Governor Arnold Schwarzenegger signed a bill by state Senator Mark Leno today that further decriminalizes personal possession of marijuana, downgrading it from a misdemeanor, like tagging, to an infraction, like a traffic ticket. Some 60,000 Californians are arrested yearly for misdemeanor pot possession, giving them a criminal record and forcing them to appear in court and pay a fine. Enforcing the state's pot laws, which has done nothing to tamp down on monthly usage by four million Californians, costs the state about $1 billion a year, the Cato Institute has found.
“Sacramento finished what it started 35 years ago — lowering the penalties for personal marijuana possession to those of a traffic ticket,” stated Stephen Gutwillig, California director of the Drug Policy Alliance. “The voters, however, are already poised to take the next step, adopting Prop. 19 to eliminate all penalties for personal possession and begin to bring this state’s unregulated $14 billion underground marijuana market under the rule of law once and for all.”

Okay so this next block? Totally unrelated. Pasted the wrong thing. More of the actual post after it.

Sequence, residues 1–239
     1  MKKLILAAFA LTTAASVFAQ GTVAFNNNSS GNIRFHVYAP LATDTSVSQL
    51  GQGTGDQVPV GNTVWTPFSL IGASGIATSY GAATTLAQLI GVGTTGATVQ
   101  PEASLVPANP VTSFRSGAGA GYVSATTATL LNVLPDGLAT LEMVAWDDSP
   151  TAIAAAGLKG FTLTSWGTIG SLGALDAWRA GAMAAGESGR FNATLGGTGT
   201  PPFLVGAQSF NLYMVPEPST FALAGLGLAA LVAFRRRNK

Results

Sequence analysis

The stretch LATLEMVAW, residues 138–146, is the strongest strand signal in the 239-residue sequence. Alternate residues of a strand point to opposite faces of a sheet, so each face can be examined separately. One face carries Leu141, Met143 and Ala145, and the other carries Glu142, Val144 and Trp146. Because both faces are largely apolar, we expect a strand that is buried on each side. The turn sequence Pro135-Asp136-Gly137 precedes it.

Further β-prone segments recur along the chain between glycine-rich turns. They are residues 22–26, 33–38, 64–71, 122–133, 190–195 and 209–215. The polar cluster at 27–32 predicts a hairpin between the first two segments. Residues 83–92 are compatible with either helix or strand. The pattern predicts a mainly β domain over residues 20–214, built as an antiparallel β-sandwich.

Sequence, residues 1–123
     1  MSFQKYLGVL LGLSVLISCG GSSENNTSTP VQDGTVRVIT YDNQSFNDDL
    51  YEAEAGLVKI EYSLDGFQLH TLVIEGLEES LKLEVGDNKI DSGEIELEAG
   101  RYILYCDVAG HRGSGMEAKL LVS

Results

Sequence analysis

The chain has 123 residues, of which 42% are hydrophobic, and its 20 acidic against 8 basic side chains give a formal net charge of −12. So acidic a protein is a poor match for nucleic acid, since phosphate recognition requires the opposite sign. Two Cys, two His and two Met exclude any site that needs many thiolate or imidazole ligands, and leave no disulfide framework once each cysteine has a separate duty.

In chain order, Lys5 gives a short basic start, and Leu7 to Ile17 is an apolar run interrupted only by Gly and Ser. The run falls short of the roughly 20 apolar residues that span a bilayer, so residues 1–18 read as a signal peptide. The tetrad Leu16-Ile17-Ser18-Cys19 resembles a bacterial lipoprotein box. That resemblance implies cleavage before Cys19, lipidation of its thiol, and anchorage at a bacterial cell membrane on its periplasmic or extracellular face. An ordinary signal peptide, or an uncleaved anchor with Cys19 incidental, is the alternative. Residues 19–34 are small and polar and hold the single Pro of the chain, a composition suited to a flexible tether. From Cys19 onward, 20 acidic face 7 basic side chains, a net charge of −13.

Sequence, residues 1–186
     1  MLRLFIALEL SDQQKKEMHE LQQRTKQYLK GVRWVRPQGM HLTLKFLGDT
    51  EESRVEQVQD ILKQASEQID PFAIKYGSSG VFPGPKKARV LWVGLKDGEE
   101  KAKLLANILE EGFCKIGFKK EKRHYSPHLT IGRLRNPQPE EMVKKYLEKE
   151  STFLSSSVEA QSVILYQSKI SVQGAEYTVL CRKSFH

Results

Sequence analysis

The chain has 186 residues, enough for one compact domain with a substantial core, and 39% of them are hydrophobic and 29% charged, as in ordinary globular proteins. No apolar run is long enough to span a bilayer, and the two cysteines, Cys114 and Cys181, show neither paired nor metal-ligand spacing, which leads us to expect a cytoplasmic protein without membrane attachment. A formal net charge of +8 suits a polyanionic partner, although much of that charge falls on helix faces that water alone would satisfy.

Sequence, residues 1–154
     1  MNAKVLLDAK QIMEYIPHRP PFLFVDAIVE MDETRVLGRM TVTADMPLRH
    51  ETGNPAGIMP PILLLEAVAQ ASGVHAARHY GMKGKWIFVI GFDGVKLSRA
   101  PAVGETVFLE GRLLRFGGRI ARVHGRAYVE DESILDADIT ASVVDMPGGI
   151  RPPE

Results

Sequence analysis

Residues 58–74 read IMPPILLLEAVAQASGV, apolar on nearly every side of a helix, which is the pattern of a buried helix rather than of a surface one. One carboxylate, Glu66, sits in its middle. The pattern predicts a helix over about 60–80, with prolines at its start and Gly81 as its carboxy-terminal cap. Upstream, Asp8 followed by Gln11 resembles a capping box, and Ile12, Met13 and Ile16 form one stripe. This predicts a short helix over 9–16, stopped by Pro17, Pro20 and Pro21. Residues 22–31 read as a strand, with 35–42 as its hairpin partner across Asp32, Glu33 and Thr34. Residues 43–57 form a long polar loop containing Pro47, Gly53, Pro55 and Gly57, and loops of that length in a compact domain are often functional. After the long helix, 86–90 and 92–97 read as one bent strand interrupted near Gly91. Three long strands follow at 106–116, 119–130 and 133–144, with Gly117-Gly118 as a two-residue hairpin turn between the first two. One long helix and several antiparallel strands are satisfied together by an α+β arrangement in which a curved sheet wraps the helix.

Blacks and Latinos use the ancient herbal remedy less than whites, but account for the majority of such arrests because cops tend to focus on policing poor neighborhoods more heavily than rich ones. A pot arrest can lead to loss of federal financial aid, and opportunities for employment. Studies show unemployment and lack of an education are the two biggest factors determining whether someone will go on to use harder drugs like coke, meth, and heroin and suffer a lifetime of addiction.
Prop 19, the ballot initiative to lift all penalties for over-21 possession of up to an ounce of marijuana in public, goes before voters-by-mail starting October 4. It's currently winning by a significant but small margin in two polls.